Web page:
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naripeddi 10-20-2014 07:04 AM

PC recommendation for HD video editing and encoding
 
Hi,

I am planning to assemble a high-end video editing & encoding computer that can edit and encode HD videos without trouble. My current Pentium 4 PC struggles even to play HD videos.

I am in the process of identifying the components that are needed for this dream machine.

So far I have finalized on the following:

Motherboard : Asus Z97 Deluxe
Processor : i7-4790k

I would appreciate if you can recommend me other vital components (with specific model numbers if possible). Please also feel free to comment on the motherboard and the processor. My budget: $1500 to $2000

Regards

rgh1 10-20-2014 08:00 AM

Harm Millard created a benchmarking program for testing editing PCs. He has written a lot about the components that go into a good editing build - have a look around his website, probably starting here: http://ppbm7.com/index.php/tweakers-page

sanlyn 10-20-2014 08:09 AM

The mobo and CPU look OK.

No monitor? Don't know what size you want. 21.5 to 24" should suffice, but you'll need an IPS display for video work. Good choices are fast IPS panels from 5ms to 7 or 8ms from HP, ViewSonic, Dell, and ASUS. Stay away from low-QC and godawful color from Samsung or Acer, they're too variable. Monitors for video work should be properly calibrated -- never use factory settings. No self-respecting photog or videographer would be caught working with an uncalibrated display. A calibration device and kit from X-Rite or DataColor will do the trick, with X-Rite preferred by most. DataColor has a quickie web page to illustrate why monitors should be calibrated: http://www.imaging-resource.com/ARTS.../CALIBRATE.HTM. If you thinmk the monitor you have now is OK, you're probably wrong. Try this page of manual (free) testing: http://www.lagom.nl/lcd-test/.

You'll need at least two hard drives, one smaller one for the OS and programs, at least one more (two more would be better) for processing and storage. Never run video processing on the OS drive, always use the other drives for work and storage. External drive(s) in A.C.-powered, fan cooled enclosures will come in handy. Except for static storage, don't use USB-powered drives for fast work.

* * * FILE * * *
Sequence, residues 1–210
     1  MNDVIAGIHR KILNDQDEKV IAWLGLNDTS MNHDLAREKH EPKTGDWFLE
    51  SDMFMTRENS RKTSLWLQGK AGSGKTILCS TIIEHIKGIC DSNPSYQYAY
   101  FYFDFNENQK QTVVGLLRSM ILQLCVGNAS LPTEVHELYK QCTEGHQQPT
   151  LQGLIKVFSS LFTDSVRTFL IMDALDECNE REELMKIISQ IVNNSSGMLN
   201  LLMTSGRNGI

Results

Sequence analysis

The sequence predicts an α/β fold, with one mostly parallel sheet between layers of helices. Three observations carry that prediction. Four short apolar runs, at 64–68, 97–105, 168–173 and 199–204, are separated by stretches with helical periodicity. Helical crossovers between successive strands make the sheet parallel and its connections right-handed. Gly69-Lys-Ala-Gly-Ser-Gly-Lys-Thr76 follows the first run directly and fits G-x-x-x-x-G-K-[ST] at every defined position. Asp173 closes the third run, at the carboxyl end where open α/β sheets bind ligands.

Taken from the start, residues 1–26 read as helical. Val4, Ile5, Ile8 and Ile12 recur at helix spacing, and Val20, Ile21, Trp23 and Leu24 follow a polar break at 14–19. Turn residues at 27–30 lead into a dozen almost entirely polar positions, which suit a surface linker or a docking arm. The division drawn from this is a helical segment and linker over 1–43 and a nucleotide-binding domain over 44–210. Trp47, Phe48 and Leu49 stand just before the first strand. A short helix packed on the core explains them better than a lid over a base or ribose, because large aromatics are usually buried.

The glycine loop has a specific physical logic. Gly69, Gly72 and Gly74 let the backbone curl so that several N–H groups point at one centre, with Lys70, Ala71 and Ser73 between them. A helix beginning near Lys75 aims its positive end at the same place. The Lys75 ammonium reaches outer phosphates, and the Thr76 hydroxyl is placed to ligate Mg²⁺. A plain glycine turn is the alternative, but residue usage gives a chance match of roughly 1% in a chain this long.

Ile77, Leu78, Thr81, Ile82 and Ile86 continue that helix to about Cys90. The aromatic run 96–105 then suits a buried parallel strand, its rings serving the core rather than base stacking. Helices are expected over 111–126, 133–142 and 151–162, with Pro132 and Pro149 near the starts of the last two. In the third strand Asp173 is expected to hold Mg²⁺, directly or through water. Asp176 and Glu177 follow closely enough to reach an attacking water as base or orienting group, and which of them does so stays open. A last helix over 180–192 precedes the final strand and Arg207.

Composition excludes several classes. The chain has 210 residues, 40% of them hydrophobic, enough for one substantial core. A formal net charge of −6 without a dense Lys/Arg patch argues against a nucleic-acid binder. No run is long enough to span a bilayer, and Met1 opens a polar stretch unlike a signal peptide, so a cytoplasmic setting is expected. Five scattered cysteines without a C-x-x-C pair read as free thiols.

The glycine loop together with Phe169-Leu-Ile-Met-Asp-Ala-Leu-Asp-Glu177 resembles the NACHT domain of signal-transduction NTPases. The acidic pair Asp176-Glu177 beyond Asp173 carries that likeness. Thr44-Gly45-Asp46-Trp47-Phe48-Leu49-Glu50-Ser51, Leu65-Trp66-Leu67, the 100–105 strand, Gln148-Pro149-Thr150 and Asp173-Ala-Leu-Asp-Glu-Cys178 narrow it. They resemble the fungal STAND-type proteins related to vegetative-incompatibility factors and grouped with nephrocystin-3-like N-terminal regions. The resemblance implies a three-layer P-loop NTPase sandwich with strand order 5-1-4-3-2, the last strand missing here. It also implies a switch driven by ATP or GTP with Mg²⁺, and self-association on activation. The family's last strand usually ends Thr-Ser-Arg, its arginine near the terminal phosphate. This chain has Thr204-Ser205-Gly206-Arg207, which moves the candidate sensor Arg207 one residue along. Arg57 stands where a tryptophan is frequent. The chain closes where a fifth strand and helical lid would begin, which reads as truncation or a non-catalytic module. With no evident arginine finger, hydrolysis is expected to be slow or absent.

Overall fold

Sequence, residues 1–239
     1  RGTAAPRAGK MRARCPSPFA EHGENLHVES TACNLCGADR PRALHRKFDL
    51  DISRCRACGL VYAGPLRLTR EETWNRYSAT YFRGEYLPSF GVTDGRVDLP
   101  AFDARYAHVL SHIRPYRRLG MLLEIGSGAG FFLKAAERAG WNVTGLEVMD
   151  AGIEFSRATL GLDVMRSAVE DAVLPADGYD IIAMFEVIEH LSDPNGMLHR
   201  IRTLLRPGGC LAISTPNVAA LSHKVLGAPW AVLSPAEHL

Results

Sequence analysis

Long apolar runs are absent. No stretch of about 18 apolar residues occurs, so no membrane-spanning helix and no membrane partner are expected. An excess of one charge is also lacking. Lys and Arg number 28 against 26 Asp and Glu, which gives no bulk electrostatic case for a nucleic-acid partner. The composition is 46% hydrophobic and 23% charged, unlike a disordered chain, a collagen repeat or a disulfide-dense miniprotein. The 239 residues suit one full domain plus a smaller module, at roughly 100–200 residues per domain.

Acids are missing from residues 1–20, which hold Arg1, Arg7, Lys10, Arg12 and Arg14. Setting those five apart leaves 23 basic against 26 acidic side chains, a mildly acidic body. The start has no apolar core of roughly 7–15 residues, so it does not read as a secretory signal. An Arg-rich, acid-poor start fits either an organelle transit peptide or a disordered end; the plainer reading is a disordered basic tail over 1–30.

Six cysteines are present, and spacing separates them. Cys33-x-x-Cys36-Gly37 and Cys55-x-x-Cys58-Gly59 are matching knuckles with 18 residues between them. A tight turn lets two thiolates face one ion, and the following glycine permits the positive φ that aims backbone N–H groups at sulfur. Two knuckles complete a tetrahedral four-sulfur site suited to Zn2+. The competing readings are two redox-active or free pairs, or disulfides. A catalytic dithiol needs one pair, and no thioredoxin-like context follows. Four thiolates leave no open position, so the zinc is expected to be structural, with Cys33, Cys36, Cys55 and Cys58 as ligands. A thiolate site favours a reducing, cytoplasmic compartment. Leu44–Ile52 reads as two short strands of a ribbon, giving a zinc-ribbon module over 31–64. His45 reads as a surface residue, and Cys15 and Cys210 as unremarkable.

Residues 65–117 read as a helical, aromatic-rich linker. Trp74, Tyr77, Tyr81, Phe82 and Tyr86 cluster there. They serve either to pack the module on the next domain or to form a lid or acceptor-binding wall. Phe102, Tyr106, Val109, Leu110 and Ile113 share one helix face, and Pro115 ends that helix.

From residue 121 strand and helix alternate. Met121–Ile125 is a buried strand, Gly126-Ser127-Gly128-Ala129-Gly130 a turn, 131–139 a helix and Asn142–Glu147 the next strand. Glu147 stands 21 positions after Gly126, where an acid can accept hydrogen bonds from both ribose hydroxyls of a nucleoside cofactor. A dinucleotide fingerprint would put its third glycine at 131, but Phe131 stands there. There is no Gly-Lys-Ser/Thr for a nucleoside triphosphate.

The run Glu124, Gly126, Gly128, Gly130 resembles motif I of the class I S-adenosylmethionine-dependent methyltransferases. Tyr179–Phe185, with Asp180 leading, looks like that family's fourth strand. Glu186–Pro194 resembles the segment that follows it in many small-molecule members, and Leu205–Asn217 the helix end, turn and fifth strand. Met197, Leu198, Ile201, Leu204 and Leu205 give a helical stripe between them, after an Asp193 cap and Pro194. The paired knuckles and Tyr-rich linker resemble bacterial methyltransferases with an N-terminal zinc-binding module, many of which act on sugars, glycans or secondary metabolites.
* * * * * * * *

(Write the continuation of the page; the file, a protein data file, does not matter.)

naripeddi 10-21-2014 03:55 AM

Thanks for the replies.

Motherboard and processor are the only ones I have finalized. I was looking for advise on the remaining vital components such as RAM, Hard Drives, Graphics card, Cooling, Monitor...etc.

I will make a note of the monitor types you suggested. Also, I will go through the link that 'rgh1' provided.

Any specific recommendations on the RAM, Graphics card and Hard Drives? Should I need RAID set-up?

Regards

rgh1 10-21-2014 07:54 AM

Taken from Harm Millard's recommendation for a balanced system based on the CPU & Mobo you've nominated:
Case: Fractal Design ARC XL
PSU: Corsair Professional AX 860i
Mobo: Asus Z87 WS
CPU: Intel Core i7 4770K
Cooler: Cooler Master Hyper 412S
RAM: 32GB- 4x 8GB
GPU: nVidia GTX 760
SSD: Samsung 840 Pro 256 GB
HDD: Seagate 7200.14 (5x or more)
2x Raid0 + Backup, 275 MB/s

The $2,200 budget is only a ballpark but only $200 above your upper limit.

I went with the following to save a few $ by reusing some components I already had:
Case: Thermaltake Full Tower (USB3.0 on front panel)
PSU: Silverstone Strider 850W
Mobo: Asrock Extreme 4 Z77
CPU: Intel Core i7 3770K
Cooler: Cooler Master Hyper 212S
RAM: 32GB - 4x 8GB - 1600Mhz
GPU: Gigabyte nVidia GTX 660 OC
SSD: Samsung 840 EVO 256GB (OS, Programs)
HDD: 5 x Seagate 3TB Barracuda (2 x Raid 0 (4HDD), 1 x Exports + Backup)
I went with a an LG 23EA63 23" IPS Monitor which seemed to have good reviews at a reasonable cost and Creative Gigaworks T20 speakers which I have since upgraded to JBL LSR305's with a Focusrite Scarlett 2i4 usb interface and I also use Audio Technica ATH-M50 headphones.
Hope that helps!

NJRoadfan 10-21-2014 05:21 PM

The only thing I'd advise against is RAID 0. Had too many problems with it in the past. Besides, most solutions are software based, negating most of the speed advantage (even the site mentioned above recommends against it). For editing, raw I/O throughput isn't as important as when you are capturing uncompressed live I/O streams (HDMI or SDI capture).

The only problem with consumer Intel platforms (Socket 1150/55/56) is the I/O constraints due to the limited number of PCIe lanes. Most boards only come with 6 SATA ports and you lose two of them if you use the M.2 slot (on z97) for a SSD. The rest have to be added via limited PCIe slots. X79 and X99 boards don't have this problem and usually have 8 or more SATA ports (18 in the case of the ASRock X99 Extreme 11!). They also can take double the amount of RAM (more on X99 since DDR4 is available in higher density DIMMs).

naripeddi 10-27-2014 11:05 PM

Thank you all for your replies.

I ended up buying this:

Motherboard : Asus Z97-A
CPU : Intel i7-4790K